Difference between revisions of "Building"

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: '' This article provides general information about building GNU Octave from source.''
+
:''This article provides general information about '''building GNU Octave''' from source (on Unix-like systems).''
 +
 
 +
:*''If you just want to '''install GNU Octave''', see [[:Category:Installation]].''
 +
:*''For '''MS Windows''', read [[Building on Microsoft Windows]] and [[Windows Installer]].''
 +
:*''For '''macOS''', read [[Octave for macOS]].''
  
 
== General steps ==
 
== General steps ==
Line 5: Line 9:
 
# Install all [[#Dependencies|build dependencies]] (see below).
 
# Install all [[#Dependencies|build dependencies]] (see below).
 
# Getting the Octave sources ...
 
# Getting the Octave sources ...
#* ... from the development repository
+
::(A) ... from the development repository (requires also [https://www.mercurial-scm.org/ Mercurial])
 
<div style="margin-left:5em;">
 
<div style="margin-left:5em;">
 
  hg clone https://www.octave.org/hg/octave && \
 
  hg clone https://www.octave.org/hg/octave && \
Line 11: Line 15:
 
  ./bootstrap
 
  ./bootstrap
 
</div>
 
</div>
::* ... from a release
+
::(B) ... from a release
 
<div style="margin-left:5em;">
 
<div style="margin-left:5em;">
 
  wget https://ftpmirror.gnu.org/octave/octave-{{Release}}.tar.gz && \
 
  wget https://ftpmirror.gnu.org/octave/octave-{{Release}}.tar.gz && \
Line 21: Line 25:
 
  mkdir .build                            && \
 
  mkdir .build                            && \
 
  cd    .build                            && \
 
  cd    .build                            && \
  ./../configure --prefix=$HOME/my_octave && \ <ref><code>--prefix</code> determines the installation location.</ref>
+
  ./../configure --prefix=$HOME/my_octave && \ <ref><code>--prefix</code> determines the installation location, see the [[#Install Octave in home directory|Tweaks section]] for details. For more information about configuration options, type <code>./../configure --help</code>.</ref>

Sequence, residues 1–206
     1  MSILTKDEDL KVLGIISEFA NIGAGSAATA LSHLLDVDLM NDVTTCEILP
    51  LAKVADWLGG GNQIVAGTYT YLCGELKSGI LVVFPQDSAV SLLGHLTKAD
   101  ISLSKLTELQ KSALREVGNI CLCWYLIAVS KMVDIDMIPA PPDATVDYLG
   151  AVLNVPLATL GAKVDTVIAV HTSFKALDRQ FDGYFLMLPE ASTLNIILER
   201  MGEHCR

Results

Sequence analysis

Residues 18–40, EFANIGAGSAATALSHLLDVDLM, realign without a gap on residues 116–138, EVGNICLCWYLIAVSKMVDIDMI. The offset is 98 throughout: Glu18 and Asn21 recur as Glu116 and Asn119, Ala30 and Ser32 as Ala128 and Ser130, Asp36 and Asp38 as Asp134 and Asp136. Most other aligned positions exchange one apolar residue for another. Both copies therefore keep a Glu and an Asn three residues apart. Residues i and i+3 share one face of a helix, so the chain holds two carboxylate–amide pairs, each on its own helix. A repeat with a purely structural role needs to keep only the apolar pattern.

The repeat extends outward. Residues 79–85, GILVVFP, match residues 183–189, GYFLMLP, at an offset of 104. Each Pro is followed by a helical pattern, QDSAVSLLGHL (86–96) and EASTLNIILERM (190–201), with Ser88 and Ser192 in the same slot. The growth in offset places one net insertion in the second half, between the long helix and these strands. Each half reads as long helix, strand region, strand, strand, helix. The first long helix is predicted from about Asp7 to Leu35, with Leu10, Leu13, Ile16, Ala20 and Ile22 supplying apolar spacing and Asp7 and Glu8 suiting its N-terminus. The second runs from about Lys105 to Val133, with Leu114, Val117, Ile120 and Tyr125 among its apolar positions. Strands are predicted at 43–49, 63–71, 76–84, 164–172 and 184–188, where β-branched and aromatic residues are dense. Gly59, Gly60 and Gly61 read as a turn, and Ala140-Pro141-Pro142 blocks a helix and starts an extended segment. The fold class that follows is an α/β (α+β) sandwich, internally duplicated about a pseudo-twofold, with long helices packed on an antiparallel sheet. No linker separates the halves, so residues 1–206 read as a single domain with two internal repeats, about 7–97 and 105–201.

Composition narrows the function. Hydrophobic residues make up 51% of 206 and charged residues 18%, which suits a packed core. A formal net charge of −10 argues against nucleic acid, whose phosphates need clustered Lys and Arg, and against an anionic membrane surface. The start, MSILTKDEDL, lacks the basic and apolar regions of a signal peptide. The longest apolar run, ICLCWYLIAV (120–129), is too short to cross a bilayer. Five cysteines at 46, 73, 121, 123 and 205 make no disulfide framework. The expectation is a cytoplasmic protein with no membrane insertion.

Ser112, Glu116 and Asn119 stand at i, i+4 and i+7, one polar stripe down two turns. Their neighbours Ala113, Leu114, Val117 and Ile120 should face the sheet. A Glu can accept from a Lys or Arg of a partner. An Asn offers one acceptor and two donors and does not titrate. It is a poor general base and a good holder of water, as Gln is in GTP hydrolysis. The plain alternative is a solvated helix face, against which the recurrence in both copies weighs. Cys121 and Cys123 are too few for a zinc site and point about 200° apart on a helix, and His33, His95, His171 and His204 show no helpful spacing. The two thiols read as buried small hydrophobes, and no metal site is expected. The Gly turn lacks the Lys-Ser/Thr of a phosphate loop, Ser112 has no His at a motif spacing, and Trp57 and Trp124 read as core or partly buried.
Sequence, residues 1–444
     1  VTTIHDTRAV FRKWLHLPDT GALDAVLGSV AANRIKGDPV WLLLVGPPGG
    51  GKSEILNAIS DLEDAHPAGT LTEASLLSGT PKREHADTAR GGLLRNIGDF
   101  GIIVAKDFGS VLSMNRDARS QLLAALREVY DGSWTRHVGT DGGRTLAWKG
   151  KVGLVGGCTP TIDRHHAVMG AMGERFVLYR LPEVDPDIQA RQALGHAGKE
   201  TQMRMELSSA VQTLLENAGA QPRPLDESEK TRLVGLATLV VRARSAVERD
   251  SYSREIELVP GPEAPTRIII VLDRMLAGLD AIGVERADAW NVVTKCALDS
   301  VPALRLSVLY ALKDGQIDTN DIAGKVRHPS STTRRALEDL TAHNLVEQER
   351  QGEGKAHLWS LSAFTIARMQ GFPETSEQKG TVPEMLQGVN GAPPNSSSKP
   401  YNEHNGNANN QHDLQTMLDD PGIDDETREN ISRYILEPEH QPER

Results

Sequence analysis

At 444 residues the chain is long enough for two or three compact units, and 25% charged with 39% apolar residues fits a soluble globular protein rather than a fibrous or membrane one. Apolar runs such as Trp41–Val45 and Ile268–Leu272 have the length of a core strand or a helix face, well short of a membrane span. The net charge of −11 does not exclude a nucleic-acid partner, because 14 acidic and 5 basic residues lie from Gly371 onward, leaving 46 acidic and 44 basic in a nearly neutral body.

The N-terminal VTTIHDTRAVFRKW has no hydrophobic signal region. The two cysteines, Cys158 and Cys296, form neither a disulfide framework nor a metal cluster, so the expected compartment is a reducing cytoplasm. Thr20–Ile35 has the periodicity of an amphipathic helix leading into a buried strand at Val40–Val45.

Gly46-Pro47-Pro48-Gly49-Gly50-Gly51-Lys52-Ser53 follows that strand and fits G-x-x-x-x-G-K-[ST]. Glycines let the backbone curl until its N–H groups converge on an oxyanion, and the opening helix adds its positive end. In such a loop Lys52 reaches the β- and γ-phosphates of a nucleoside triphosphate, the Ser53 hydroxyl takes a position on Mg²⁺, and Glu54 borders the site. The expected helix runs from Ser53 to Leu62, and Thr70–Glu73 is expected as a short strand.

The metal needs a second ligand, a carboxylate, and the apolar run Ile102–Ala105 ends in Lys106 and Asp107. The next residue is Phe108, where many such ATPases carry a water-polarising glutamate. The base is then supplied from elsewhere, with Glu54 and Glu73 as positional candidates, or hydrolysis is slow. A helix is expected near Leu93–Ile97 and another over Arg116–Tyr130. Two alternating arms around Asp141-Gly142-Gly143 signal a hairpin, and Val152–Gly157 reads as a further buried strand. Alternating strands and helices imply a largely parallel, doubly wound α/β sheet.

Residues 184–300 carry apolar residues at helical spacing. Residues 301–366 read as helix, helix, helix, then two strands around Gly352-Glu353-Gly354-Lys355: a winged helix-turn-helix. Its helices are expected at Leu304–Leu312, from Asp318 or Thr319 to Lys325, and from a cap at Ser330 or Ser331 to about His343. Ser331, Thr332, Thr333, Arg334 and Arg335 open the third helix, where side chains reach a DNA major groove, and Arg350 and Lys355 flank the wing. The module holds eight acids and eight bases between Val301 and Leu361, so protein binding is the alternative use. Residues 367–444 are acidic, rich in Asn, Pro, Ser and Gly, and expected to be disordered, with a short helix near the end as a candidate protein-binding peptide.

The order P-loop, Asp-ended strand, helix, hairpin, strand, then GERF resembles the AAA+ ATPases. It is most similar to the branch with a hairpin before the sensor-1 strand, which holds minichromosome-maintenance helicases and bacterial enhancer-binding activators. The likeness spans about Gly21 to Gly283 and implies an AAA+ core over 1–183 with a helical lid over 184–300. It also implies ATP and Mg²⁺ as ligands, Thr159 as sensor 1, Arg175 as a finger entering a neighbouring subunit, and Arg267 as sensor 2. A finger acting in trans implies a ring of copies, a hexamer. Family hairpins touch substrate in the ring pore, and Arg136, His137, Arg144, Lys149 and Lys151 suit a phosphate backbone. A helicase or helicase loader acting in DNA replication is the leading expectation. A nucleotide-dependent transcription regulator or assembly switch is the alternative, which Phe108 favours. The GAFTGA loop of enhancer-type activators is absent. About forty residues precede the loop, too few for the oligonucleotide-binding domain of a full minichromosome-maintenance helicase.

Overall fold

make -j2                                && \ <ref>Depending on your system and processor count, use a larger number of parallel jobs, e.g. <code>-j8</code>.</ref>
 
  make -j2                                && \ <ref>Depending on your system and processor count, use a larger number of parallel jobs, e.g. <code>-j8</code>.</ref>
 
  make check                              && \
 
  make check                              && \
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== Dependencies ==
 
== Dependencies ==
  
Most of the dependencies given in this section can be very conveniently installed on many [[Octave for GNU/Linux|GNU/Linux]] systems.  Please read the respective wiki page for your distribution on the [[Octave for GNU/Linux]] page.
+
Most of the dependencies given in this section can be very conveniently installed on many [[Octave for GNU/Linux|GNU/Linux]] systems.
  
On [[Octave for Microsoft Windows|MS Windows]] and [[Octave for macOS|macOS]] systems the generic Octave build process described on this page needs some more effort to fulfill the described build dependencies.  Please read [[Octave for Microsoft Windows]] and [[Octave for macOS]] for information how to build Octave for the respective systems.
+
{{Note|For a quick way to install the required dependencies, see:
 +
* [[Octave for Debian systems#The right way|Debian / Ubuntu]]
 +
* [[Octave for Arch Linux|Arch Linux]]
 +
* [[Octave for Red Hat Linux systems|Fedora / RedHat / CentOS]]}}
  
 
Dependencies marked with <span style="background:lightgreen">green background</span> are '''required''' for building Octave.  All other tools and libraries are recommended/optional, but very useful features (like the GUI, plotting, etc.) are likely to be disabled.
 
Dependencies marked with <span style="background:lightgreen">green background</span> are '''required''' for building Octave.  All other tools and libraries are recommended/optional, but very useful features (like the GUI, plotting, etc.) are likely to be disabled.
Line 156: Line 163:
 
| Portable font engine
 
| Portable font engine
 
| compatible with GNU GPL v3.0
 
| compatible with GNU GPL v3.0
 +
|-
 +
| [https://www.geuz.org/gl2ps/ GL2PS]
 +
| OpenGL to PostScript printing library
 +
| GNU GPL v2.0
 
|-
 
|-
 
| [https://www.gnu.org/software/glpk GLPK]
 
| [https://www.gnu.org/software/glpk GLPK]